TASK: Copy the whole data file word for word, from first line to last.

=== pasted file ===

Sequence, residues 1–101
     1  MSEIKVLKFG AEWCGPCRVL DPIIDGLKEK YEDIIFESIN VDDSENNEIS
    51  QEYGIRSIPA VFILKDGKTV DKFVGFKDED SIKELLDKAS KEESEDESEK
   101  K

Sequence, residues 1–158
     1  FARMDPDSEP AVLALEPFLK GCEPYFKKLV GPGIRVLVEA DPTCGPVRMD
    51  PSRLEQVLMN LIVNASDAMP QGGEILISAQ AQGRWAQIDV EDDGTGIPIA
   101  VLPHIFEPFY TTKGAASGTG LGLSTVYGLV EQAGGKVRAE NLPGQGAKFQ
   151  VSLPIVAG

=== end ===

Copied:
Sequence, residues 1–101
     1  MSEIKVLKFG AEWCGPCRVL DPIIDGLKEK YEDIIFESIN VDDSENNEIS
    51  QEYGIRSIPA VFILKDGKTV DKFVGFKDED SIKELLDKAS KEESEDESEK
   101  K

Sequence, residues 1–158
     1  FARMDPDSEP AVLALEPFLK GCEPYFKKLV GPGIRVLVEA DPTCGPVRMD
    51  PSRLEQVLMN LIVNASDAMP QGGEILISAQ AQGRWAQIDV EDDGTGIPIA
   101  VLPHIFEPFY TTKGAASGTG LGLSTVYGLV EQAGGKVRAE NLPGQGAKFQ
   151  VSLPIVAG